Despite a culture that exacts "life style sacrifices" and expects "heroics" of its employees, Infosys is highly selective in its hiring, accepting less than 1 percent of its million applicants each year. "Infoscions," as they are called, earn very good salaries and benefits by Indian standards. "In return for being hired, employees know they are expected to contribute more than just their talent," Carmel concludes. 21 Given that Infosys has a blue-chip client base and was named "India's best managed company" by consultants A.T. Kearney, this is telling. But long hours are not unique to particular companies; they are generalized across the Indian ICT landscape.

The IT magazine Dataquest released a study that found that long hours are the leading cause of stress for workers, followed by work timing. As it surveyed workers at some of the largest employers in the outsourcing sector and is largely proindustry in outlook, the findings are worth quoting at length: "Any average agent works for 11-12 hours per day—the number goes up to 14 in case of companies that encourage overtime. The plight of the operational heads is worse— they regularly clock 17-18 hours per day working their shift besides staying back for customer conference calls." In her comparative study of three software firms in China, Hungary, and India, Perlow finds that Indian employees work the longest. The "mandatory" workday is from 9:00 a.m. to 6:30 p.m., but workers regularly end at 7:00 p.m. and sometimes as late as 11:00 p.m. Saturday is also a full workday. Likewise, many workers I interviewed spoke of frequent 12- to 14- hour workdays. Seeing long hours as a positive thing, one executive mused, "Here people are much more willing to sacrifice their time and do things."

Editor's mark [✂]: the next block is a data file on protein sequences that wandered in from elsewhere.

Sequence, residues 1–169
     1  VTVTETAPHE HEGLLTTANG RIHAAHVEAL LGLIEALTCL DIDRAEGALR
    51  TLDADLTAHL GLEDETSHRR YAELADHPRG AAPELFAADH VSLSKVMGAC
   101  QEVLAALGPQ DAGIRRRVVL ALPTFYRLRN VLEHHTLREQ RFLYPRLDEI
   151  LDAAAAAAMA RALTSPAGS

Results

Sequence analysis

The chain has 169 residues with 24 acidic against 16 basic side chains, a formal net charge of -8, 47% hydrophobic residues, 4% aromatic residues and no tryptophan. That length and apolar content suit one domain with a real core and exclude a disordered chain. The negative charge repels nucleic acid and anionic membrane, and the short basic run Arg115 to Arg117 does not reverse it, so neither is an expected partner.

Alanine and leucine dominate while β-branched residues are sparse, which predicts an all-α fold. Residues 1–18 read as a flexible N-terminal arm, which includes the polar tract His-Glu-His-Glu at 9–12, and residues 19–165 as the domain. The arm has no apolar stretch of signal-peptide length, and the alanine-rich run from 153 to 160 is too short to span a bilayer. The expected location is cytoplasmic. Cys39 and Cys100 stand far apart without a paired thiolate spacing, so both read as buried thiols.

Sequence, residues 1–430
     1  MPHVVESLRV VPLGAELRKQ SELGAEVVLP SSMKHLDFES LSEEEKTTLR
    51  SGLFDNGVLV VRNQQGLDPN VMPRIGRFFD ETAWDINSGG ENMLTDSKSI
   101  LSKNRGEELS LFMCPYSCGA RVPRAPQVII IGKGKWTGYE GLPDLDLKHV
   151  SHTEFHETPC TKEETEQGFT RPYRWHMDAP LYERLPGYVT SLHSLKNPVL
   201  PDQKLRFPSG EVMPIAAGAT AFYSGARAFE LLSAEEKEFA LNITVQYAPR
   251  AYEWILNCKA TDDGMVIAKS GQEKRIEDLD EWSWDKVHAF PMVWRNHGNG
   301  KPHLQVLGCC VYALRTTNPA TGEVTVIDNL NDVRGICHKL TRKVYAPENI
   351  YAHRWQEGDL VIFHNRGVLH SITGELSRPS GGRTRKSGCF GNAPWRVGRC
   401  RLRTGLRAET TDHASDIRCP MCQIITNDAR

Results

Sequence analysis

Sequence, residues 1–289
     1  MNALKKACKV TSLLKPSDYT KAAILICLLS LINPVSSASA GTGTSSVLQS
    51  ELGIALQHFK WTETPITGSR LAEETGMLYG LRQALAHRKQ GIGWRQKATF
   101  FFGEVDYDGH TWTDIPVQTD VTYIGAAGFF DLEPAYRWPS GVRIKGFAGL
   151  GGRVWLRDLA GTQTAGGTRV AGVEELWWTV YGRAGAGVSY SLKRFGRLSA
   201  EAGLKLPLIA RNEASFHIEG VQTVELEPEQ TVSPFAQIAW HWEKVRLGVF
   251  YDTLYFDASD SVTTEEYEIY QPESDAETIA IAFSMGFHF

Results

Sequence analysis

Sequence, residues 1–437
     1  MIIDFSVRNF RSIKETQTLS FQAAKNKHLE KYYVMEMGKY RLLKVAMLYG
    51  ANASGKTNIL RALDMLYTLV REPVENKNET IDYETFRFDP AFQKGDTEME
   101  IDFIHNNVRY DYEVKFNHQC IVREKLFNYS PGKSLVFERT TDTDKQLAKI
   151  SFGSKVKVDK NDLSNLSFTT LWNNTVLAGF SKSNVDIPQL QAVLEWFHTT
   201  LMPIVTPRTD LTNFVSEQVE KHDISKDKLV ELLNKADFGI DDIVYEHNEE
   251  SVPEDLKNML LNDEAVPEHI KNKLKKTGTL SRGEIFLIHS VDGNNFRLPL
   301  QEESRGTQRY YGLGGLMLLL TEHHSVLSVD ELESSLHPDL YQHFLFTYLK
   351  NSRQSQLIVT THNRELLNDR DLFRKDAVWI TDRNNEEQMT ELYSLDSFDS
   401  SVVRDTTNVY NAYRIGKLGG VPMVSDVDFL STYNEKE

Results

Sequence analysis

Workers at small to midsized companies fare no better. Manoj, a manager at a midsized firm, contrasts Infosys (a "good paymaster") with smaller companies "that exploit their workers too much." Employees routinely work over 60 hours a week, he says, and "too much pressure is given to the developer to complete work." There are also occasional power shortages. When they occur, "Developers have to stay longer and work through the outage. Sometimes people have to work 18-20 hours continuously. It makes me feel like I should leave the industry, but there is satisfaction when I complete the work."

Given these issues, one might wonder about the policy options available to limit the adverse impacts of long and irregular working hours. Mindful of the social consequences of the "24-hour society," the European Union released a "Working Time Directive," which lays out guidelines on the scheduling of shifts, rest periods, and work hours. It is unlikely that such a directive will ever apply to the offshore partners of EU companies. Nor is it likely that Indian companies will welcome the imposition of "foreign" labor standards. The CFO of one of India's largest ICT companies puts the issue of long and busy hours in comparative perspective: